Speech by the State Secretary at the Federal Ministry of Education and Research, Georg Schütte, at the OECD Ministerial Meeting in Daejeon/Republic of Korea
President PARK (TBC),
Mr ISAKSEN (Chair),
Ladies and Gentlemen,
As globalization and digitalization forge ahead, we need new political strategies to adapt legal frameworks and deal with the international networking of science and innovation systems. This will enable us to achieve sustainable economic growth, create jobs and promote well-being in our societies. We must also work together to solve global challenges, particularly in the areas of environment and health.
Germany too has geared its research and innovation policy to address such societal issues. I would like to give you a brief introduction to the Federal Government's High-Tech Strategy which we are using to pursue this approach and then describe how it fits in with the OECD Innovation Strategy.
Germany's High-Tech Strategy was launched in 2006 as the new framework for German research and innovation policy. It unites all those involved in innovation in one common approach and is continuously being further developed. We have learned a great deal over the past 9 years. I would like to mention three points which I see as particularly important:
The High-Tech Strategy focuses on six priority topics for future research and innovation. These are: digitalization, the sustainable economy and energy, the innovative workplace, healthy living, intelligent mobility and civil security. These efforts aim to bundle our strengths like a laser beam and create consolidated energy.
New financial priorities were set by making an unmistakable commitment to education, research and development as the sources of future growth. All the key stakeholders in Germany were part of this process, proving that it is indeed possible.
When it comes to global challenges, we can only find solutions together with others, particularly within Europe. The Federal Government supports the goals of both the Innovation Union and Joint Programming. We can put experience gained in Germany to good use in Europe.
Our High-Tech Strategy focuses on major cross-cutting issues such as networking and optimum conditions for innovation, including the availability of skilled staff and venture capital. Furthermore, the High-Tech Strategy is tied closely to other Federal Government policies such as the Skilled Labour Strategy, the Demographic Strategy and the Sustainability Strategy.
3. We have learned that closer cooperation between industry, science and government is a key to the success of our innovation policy. We have also learned that cooperation must be recast over and over again and needs the appropriate structures.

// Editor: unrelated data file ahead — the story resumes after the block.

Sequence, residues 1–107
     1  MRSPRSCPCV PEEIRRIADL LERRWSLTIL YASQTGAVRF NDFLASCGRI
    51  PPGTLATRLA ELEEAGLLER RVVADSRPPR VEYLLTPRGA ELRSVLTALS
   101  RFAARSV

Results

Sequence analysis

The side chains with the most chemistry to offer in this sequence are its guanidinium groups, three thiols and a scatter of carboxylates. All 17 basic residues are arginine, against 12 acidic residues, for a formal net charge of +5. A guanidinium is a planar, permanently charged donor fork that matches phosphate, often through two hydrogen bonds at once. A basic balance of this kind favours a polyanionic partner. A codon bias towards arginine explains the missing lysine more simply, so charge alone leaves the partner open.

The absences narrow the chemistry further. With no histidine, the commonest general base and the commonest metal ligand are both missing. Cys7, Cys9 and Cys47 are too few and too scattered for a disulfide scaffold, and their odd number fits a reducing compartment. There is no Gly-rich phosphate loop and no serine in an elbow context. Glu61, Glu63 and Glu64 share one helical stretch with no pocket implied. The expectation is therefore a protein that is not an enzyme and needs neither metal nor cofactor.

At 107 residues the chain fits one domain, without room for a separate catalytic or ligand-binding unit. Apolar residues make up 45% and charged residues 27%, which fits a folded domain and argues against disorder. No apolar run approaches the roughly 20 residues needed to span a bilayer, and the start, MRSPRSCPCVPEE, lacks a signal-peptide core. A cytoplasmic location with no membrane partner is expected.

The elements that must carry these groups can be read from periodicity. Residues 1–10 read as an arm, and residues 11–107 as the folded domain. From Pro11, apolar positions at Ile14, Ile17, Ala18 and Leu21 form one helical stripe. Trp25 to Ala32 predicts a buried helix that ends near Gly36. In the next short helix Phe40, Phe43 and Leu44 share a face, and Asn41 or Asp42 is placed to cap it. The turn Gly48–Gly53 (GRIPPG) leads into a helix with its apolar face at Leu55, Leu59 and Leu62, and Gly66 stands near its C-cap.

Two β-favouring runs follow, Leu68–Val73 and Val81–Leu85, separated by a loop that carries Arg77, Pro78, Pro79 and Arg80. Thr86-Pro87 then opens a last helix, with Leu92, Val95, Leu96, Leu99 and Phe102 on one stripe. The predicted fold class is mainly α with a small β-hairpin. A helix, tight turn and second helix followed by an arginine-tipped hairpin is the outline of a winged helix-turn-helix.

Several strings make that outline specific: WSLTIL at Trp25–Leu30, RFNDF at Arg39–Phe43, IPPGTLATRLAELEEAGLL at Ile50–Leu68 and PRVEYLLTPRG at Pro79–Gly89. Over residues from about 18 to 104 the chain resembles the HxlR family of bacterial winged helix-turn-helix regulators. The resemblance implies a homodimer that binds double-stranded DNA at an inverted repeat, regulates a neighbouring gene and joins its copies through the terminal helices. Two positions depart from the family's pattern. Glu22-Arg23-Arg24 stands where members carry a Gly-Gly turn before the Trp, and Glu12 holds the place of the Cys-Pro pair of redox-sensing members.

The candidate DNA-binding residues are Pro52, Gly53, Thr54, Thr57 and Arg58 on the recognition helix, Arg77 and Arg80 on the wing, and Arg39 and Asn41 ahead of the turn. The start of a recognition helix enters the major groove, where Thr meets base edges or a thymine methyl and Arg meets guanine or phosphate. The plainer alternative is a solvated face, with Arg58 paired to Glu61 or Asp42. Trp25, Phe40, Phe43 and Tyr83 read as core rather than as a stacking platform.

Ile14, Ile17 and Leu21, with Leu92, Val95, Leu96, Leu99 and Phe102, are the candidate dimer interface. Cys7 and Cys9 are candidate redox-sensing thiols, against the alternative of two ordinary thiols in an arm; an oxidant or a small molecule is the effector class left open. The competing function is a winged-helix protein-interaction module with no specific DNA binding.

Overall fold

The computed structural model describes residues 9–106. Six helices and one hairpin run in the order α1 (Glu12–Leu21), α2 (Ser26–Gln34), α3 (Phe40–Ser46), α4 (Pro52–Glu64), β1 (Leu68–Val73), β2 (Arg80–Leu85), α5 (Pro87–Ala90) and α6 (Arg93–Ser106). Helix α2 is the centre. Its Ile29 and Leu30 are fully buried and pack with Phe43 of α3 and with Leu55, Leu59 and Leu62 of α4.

We have gained valuable experience in Germany with exchange and coordination platforms which bring together major players from industry, science and government as well as civil society representatives. This approach helped us to deal with a number of issues, including electric mobility, networked production and the City of the Future. We would be delighted to share this experience with our partners in the OECD.
The three aspects I have mentioned, namely the focus on grand societal challenges, a systemic approach and a new concept for exchange and cooperation, make German policy match well with the innovation approaches pursued by other countries.
Yet every country must build upon its own specific structures and experiences and find what works best for them. We should talk about these differences and common features.
The Organisation for Economic Cooperation and Development (OECD) provides an important platform for strategic international exchange.
The new OECD Innovation Strategy highlights the great importance of innovation policy for securing growth. The strategy focuses on inclusive growth, that is, growth for the benefit of everyone. This is also an important aspect of the 2030 Agenda for Sustainable Development, which was recently adopted to provide for the world's future. And of course, it is an important point for the forthcoming United Nations Conference on Climate Change in Paris (COP21).
The OECD's new Innovation Strategy highlights the common challenges we are facing and sets out five priorities for a comprehensive approach to innovation policy. The strong focus on effective implementation of our innovation policies is an important aspect in this context. We have developed good ideas and concepts but implementation depends on joint action with numerous stakeholders.
The revision of the OECD manual for R&D surveys by the Working Party of National Experts on Science and Technology Indicators is a good example of successful cooperation. The Frascati Manual, originally written in 1963, has meanwhile become the international standard of conduct for R&D surveys and data collection. Further standardization of R&D terminology in the updated manual promotes international harmonization and contributes to reliable statistics.
Germany supports the OECD's work based on the priorities of the Daejeon Declaration.
The Science Ministers of seven leading industrial nations, who met in Berlin on 10 October during this year's German G7 Presidency, committed to stepping up efforts to address global challenges in the areas of health, environment and energy. German Research Minister Wanka suggested that these activities should be linked more strongly with OECD work. This would enable us to solve global challenges in a truly sustainable way and in a concerted effort.
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